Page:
I would like to ask what is the relationship between yoga and meditation?
Can you do one without the other?
Angela, hi. Interesting question. The way that the terms 'yoga' and 'meditation' are traditionally used, is quite confusing.
Sometimes, 'yoga' is being referred to as 'physical postures', though technically, it should be referred to as 'hatha yoga' or 'astanga yoga'. At other times, the term 'yoga' is given a philosophical meaning i.e. 'yoga' meaning the coming together of two seemingly separate things (eg. 'mind' and 'body') into a harmonious unity. Etymologically, 'yoga' means 'to join' or to 'yoke'.
So in texts, the word 'yoga' either refers to a physical activity or at other times, to the completeness of the process i.e. achieving the ultimate state of 'yoga'.
In the west, generally speaking, and I assume this is the way that you are using the word 'yoga', it is referring to the application of physical postures.
So to answer your question. 'Yoga' in the above sense, is a method of practice. It is not the only method. There are many legitimate methods of practice aimed at bringing a deep and significant transformation of consciousness. So, yes, meditation can be successfully practiced WITHOUT any yoga practice. Most traditions of Buddhism, including Zen, do not use 'yoga' methodology.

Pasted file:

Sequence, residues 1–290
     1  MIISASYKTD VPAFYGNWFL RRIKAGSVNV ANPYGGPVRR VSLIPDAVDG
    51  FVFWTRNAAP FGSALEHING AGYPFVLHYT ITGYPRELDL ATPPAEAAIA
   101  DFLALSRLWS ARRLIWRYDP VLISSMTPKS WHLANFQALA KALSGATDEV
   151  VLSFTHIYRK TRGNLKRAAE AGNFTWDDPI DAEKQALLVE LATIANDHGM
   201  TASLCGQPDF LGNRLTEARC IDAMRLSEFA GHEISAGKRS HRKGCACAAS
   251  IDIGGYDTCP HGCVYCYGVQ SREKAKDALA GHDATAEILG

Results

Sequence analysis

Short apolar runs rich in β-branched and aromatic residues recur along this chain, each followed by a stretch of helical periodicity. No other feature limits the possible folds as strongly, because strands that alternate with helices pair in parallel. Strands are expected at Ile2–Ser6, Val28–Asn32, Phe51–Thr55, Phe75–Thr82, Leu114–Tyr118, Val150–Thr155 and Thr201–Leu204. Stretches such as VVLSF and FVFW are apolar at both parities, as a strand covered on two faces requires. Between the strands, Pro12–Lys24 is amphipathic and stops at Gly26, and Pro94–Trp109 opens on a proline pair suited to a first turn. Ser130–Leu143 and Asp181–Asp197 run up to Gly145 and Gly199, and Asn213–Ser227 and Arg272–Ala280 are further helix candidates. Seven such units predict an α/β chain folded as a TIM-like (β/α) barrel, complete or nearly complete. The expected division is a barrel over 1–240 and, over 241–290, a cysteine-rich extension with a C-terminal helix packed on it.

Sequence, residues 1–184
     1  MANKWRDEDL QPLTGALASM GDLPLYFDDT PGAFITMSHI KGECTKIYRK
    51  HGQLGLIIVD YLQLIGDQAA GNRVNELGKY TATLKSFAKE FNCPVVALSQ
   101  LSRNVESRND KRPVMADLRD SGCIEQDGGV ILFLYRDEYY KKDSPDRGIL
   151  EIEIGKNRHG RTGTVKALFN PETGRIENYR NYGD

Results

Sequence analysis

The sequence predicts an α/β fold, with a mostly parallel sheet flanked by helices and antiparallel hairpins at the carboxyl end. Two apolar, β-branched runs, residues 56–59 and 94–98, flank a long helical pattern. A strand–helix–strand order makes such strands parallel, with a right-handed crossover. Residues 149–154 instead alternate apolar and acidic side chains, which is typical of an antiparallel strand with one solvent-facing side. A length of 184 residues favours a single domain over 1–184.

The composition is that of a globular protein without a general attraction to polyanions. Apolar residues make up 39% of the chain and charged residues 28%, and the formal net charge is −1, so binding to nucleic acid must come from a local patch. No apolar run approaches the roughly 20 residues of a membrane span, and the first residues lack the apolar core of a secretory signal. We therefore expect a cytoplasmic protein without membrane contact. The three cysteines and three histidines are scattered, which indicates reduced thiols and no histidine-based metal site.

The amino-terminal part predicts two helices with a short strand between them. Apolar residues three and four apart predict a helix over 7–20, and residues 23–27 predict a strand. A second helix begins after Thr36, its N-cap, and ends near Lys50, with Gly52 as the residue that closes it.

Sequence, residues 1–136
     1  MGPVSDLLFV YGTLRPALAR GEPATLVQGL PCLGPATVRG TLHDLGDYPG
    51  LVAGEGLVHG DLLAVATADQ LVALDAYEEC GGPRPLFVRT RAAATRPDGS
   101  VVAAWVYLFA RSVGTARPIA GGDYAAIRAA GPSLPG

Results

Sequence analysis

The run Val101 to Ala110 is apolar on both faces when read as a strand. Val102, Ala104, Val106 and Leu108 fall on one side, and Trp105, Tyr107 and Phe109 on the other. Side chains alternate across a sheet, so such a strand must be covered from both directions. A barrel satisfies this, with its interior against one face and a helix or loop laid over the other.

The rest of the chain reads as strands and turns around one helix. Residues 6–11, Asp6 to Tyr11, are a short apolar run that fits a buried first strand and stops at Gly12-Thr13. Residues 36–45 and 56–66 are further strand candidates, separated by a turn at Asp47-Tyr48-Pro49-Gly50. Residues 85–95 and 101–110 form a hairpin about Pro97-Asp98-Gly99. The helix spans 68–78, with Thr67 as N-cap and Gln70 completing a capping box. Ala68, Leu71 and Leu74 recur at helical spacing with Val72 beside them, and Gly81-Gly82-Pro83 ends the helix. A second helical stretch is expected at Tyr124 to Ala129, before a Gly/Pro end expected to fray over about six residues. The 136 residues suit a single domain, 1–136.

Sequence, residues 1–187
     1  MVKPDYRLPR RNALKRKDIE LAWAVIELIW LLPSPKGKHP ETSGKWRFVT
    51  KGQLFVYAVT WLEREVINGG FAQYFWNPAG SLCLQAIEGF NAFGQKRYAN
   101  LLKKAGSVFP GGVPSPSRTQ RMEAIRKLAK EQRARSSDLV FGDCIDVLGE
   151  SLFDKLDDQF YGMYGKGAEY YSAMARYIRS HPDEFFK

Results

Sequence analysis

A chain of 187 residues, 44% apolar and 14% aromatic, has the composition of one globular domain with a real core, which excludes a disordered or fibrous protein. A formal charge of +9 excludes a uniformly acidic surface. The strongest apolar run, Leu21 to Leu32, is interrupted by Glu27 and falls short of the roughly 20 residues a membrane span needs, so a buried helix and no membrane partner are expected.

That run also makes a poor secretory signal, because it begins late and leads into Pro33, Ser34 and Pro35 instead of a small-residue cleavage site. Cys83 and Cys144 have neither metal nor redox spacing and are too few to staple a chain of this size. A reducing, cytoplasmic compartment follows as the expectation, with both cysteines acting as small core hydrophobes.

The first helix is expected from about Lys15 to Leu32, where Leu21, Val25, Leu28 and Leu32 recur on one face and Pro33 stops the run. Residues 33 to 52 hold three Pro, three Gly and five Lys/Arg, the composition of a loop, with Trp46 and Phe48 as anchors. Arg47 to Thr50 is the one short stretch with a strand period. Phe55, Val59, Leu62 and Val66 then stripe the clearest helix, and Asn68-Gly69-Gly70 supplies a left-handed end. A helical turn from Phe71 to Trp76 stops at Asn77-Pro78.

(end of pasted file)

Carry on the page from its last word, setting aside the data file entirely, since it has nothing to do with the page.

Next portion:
Yoga as a method of practice in conjunction with meditation is primarily a Hindu-based tradition, practiced by 'yogis'. Not all meditators, Hindu or otherwise are 'yogis' in the technical sense i.e. practice physical yoga routines. At the same time, bhakti yogis ,who follow the path of devotion, and jnana yogis, who follow the path of one-pointed intellect, are called 'yogis', yet, generally they do not use physical yoga practices. In both these cases, the term 'yogi' is used in the previously mentioned 'completeness of the process' sense. So, once again, it shows that 'yoga' in the sense of postures, is not necessary for someone following the bhakti or jnana path.
Now, the path of Mind-Yoga is a kundalini yoga meditation tradition. In this tradition, my tradition, physical yoga is a component, along with meditation practice, and the process that unfolds is that of kundalini (the 'awakening' of the energy of inner consciousness). So within this tradition, we harmonize the energies of the body thru 'yoga', and we still the restless mind thru meditation techniques, and we use the energy of the breath (prana) in order to unite the consciousness of the mind and body.
So, Angela, if you come to me, you will do 'yoga' and 'meditation'. If you go to a teacher of another tradition, you may not do any 'yoga' as posture, though the ultimate aim will be 'yoga' in the sense of 'union'.
II hope this long-winded answer helps